The problem is, they tied this in with the SonyBMG announcement, which was a huge mistake. While the arrival of SonyBMG is certainly related to the rate increase, I don't think it's the only reason for the increase. I can understand why many users feel it is. I did too for a while. But, knowing what little I know about the behind the scenes and label side stuff, I really don't think it was just luring SonyBMG that was the reason for the hike.

But the bigger problem is the way this whole thing has been handled. Most of what I've written is speculation as both a subscriber and a music provider, I know very little other than rates are going up and some SonyBMG back catalog is coming. I'm not trying to suggest my situation entitles me a seat at the board meetings or anything like that. I do think I, and every other subscriber, am entitled to better communication than we've been given.

I find myself very conflicted about everything right now. As an artist, I'm cautiously optimistic that the new rates will mean better payouts. The big question is, will users be as adventurous with fewer and more expensive credits? (This is an issue I addressed a few years ago when Epitaph left.) This may end up going much like iTunes new $1.29 price point where the increase in per track rates doesn't make up the shortfall from users choosing not to download things they would have at the older rates.

As a subscriber of the service, I'm really hoping my hunches are correct and the increased rates mean keeping the quality labels they have as well as adding new ones. Many users feel that Sony is the entire reason for the hike, which, if true, would be a pretty drastic swing in what eMusic is all about. I don't think that's the case, but the rate increase will be much easier to take knowing the money is going towards courting more labels I care about than attracting the back catalog of one I don't.

Whatever the case, the way this was handled has given me some serious doubts about the future of eMusic. Hopefully this was just poorly planned and isn't a sign of the way changes to the service will be handled in the future. But the silence from the top since all this exploded doesn't exactly do much to make me hopeful.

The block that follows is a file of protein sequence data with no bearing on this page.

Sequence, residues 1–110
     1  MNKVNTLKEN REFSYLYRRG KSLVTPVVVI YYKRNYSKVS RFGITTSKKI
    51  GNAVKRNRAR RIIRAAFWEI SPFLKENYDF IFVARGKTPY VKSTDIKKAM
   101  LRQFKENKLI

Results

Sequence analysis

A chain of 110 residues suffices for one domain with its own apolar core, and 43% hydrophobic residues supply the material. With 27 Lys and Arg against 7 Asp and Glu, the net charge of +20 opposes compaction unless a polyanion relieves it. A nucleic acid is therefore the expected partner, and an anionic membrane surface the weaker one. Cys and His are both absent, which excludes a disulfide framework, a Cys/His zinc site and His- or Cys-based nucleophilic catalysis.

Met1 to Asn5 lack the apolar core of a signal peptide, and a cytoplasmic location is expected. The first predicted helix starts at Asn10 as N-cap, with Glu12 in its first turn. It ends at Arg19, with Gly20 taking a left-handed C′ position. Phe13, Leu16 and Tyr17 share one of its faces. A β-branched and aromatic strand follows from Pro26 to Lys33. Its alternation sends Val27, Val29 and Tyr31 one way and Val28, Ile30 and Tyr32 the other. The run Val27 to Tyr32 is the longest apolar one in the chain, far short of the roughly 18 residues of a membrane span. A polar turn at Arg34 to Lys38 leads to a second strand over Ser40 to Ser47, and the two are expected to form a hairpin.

Wednesday, June 03, 2009

Review: Zachariah (1971)

Spoilers ahoy, if you care.

Zachariah and his friend Matthew (played by a very young Don Johnson) decide to go off and be gunfighters. They meet up with an inept game, have a few heists, then Zach gets the big idea to meet up with Job Cain, the fastest gun in the west. For some reason never really explained, Zach gets cold feet and he and Matthew split up. He then meets up with a mystical old coot who takes him for a romp in the desert that somehow fills in all the blanks. Matthew guns down his boss Job then comes looking for Zach. He finds him, they don't have a shoot out but instead wrestle and then when Matthew realizes the ridiculousness of it all, they ride off into the sunset together. The end.

Zachariah is clearly a product of it's time, and by that I mean the post-Woodstock, post-Easy Rider era. The movie just reeks of the tail end of the hippie era. That in itself isn't necessarily bad, but the problem comes in when Zachariah tries to be both a deep, loner looking for the greater meaning of life movie and a comedy and a head trip movie and a western. It succeeds at none of these things.

Simply put, this movie is a mess.

Part of the problem is that it is trying to be all those things I mentioned above and succeeds at none. The comedy (written by the Firesign Theater, who I always find the definition of hit or miss) really isn't all that funny. The drama isn't that compelling. The mystical stuff is clearly in the who cares category. Very little of this movie makes sense, motivation for any of the characters is really hard to figure out.

It's clear that this movie was trying to be a hip drive-in flick, so the fact that I'm watching it 35+ years after the fact with no chemical enhancements seems to be the rest of the problem. I have to say though, I'd be curious to know what combination of drugs would make some of these sad sack jokes funny. This movie wasn't for me, so maybe I just don't get it.